Darley Anderson is offering foreign and US rights to Carmen Reid's The Jewels of Manhattan, billed as "rom-com meets crime". Transworld has UK rights. Also in crime, UK rights are being offered for A J Cross' Gone in Seconds, which opens a new series featuring a forensic psychologist. Foreign and US rights are available for Chris Mooney's The Shadow, first in a new series from the author of the Darby McCormick novels. Michael Joseph has UK rights. In children's, Greenwillow/HarperCollins US pre-empted North American rights to Anne Cameron's Angus McFangus, a book about a weather predicting hero. Templar pre-empted UK/Commonwealth rights to Dave Lowe's My Hamster is a Genius, about a sarcastic rodent. Atom pre-empted UK/Commonwealth rights to C J Daugherty's Night School, the first of a young adult psychological suspense series.
Oliver Munson at Blake Friedmann is offering international rights to David Mark's The Dark Winter, amid interest from three publishers for UK rights. He is also touting international rights to The Bookseller of Grass by Tony Mulholland; a crime novel set in the world of antique bookselling. Garzanti pre-empted in Italy, as did Scribe in Australia. Carole Blake is reporting international interest in The Cornish House by Liz Fenwick, "a Du-Maurier-esque novel". It is on offer to UK publishers, with German interest already noted, in addition to several Dutch bids.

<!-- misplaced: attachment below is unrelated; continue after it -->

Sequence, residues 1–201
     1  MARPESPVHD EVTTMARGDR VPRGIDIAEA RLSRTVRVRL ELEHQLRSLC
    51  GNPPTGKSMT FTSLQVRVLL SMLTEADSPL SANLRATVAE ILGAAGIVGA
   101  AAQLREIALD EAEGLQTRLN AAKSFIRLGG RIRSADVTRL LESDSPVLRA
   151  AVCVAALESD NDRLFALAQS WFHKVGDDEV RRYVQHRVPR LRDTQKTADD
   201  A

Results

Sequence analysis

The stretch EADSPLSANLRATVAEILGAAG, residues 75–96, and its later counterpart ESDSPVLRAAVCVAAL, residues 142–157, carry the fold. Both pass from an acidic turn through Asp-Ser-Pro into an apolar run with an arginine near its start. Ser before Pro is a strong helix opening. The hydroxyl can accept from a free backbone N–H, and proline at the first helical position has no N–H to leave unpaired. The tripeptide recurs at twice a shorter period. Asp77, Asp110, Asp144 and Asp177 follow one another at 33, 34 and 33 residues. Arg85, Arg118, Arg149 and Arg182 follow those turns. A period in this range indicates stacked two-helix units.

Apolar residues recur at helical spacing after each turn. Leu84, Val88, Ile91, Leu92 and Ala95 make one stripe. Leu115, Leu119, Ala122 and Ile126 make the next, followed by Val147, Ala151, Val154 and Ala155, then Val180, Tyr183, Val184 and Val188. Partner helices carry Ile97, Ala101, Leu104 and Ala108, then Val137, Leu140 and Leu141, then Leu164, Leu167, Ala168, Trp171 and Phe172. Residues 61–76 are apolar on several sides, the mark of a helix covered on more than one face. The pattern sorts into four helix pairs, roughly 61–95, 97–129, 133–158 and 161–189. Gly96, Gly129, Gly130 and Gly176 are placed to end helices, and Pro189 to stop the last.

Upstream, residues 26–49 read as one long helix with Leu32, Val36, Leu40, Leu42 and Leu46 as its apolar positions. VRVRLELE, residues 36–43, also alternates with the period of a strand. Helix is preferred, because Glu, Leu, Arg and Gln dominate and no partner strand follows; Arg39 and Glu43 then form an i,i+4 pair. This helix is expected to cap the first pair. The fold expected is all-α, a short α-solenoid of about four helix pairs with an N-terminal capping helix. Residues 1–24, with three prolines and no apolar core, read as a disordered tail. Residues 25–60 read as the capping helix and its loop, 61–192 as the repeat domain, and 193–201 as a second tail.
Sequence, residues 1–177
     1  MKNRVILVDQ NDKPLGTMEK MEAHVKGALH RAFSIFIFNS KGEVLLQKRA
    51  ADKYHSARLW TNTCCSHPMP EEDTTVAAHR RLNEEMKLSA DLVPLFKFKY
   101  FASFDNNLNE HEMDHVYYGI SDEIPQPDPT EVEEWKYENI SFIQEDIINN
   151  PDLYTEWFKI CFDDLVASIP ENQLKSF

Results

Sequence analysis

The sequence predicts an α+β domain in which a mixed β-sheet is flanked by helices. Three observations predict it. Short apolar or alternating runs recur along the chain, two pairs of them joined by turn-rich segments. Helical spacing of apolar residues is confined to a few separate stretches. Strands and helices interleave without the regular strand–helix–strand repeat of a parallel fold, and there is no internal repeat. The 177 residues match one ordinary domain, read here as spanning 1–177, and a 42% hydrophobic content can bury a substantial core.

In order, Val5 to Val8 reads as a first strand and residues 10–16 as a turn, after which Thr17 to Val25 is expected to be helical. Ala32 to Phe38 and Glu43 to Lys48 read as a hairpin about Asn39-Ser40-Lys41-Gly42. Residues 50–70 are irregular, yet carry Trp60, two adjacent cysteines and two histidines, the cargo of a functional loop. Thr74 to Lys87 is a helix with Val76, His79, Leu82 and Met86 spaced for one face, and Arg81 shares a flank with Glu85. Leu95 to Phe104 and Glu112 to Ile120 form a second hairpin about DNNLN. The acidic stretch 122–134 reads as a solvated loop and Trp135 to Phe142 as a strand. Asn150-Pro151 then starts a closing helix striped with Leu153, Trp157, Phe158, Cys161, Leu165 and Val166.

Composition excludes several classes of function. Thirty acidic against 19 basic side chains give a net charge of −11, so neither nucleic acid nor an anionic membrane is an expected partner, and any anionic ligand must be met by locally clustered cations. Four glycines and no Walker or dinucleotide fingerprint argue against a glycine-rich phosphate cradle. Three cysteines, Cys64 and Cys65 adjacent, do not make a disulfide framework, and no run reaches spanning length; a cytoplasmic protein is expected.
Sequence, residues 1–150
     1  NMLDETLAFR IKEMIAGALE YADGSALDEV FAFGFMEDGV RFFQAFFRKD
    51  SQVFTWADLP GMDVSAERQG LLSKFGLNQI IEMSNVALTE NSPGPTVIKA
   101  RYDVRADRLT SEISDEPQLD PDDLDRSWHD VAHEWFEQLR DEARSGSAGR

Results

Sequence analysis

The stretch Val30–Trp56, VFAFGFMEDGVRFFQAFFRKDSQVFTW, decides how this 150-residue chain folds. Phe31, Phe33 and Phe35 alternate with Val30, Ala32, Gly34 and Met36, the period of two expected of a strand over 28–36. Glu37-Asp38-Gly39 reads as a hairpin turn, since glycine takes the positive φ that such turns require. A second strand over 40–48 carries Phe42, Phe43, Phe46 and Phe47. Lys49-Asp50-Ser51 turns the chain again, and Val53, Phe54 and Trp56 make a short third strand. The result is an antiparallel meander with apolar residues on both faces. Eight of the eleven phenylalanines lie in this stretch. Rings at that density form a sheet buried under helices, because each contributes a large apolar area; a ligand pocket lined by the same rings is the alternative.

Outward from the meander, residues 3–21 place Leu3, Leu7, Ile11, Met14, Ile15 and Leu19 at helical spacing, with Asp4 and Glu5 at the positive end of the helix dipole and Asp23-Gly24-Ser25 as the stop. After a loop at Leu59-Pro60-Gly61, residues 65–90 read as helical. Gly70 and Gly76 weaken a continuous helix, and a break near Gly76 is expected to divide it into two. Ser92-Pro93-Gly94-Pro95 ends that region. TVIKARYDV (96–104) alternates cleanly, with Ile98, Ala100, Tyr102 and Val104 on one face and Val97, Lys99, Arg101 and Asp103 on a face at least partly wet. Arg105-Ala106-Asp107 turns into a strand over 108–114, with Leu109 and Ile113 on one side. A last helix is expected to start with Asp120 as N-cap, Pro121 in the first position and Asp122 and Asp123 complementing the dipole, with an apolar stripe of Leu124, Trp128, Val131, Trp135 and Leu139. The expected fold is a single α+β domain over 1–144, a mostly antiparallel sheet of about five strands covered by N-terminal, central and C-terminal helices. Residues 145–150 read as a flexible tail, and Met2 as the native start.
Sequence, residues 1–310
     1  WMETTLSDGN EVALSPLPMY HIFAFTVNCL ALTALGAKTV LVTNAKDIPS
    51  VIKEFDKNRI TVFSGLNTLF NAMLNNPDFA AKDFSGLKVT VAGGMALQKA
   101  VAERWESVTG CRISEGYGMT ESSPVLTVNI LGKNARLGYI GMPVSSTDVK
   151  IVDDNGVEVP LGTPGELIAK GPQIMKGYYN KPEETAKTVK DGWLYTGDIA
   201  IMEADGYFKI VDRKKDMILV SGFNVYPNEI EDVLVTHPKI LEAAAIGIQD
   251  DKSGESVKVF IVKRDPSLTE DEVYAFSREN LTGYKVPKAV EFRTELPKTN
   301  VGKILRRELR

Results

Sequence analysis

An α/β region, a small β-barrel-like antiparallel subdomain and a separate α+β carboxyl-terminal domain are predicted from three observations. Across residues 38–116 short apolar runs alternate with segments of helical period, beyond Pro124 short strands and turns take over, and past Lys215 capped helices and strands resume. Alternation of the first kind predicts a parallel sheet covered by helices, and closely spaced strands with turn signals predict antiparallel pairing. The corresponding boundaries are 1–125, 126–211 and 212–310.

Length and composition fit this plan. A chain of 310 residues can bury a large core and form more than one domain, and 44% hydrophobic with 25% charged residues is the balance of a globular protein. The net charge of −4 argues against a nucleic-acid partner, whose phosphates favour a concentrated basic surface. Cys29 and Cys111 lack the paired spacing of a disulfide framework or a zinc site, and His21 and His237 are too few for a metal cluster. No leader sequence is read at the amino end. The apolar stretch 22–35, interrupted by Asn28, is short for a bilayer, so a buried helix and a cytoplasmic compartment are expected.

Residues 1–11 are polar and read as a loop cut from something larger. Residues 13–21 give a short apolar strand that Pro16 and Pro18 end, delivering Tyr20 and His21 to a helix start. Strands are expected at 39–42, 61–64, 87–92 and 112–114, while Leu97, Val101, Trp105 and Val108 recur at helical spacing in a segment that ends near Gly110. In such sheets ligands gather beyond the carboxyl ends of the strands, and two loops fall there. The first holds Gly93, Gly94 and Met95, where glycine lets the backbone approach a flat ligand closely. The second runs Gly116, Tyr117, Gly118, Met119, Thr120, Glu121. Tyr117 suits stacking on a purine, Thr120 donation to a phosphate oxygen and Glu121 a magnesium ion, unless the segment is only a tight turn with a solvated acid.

HarperCollins has bought world English rights to Tomorrow's Sun by Amanda Brooke from Luigi Bonomi, the story of a woman forced to choose between her own life and that of her unborn child. ILA is handling foreign rights for it and Pictures at an Exhibition by Camilla McPherson. Random House has world English rights to the book, about two women finding the answers to their problems through the great works of art. Gavin Menzies' follow-up to 1421, The Lost Empire of Atlantis, is also being sold. Orion has world rights and publication is set for this autumn.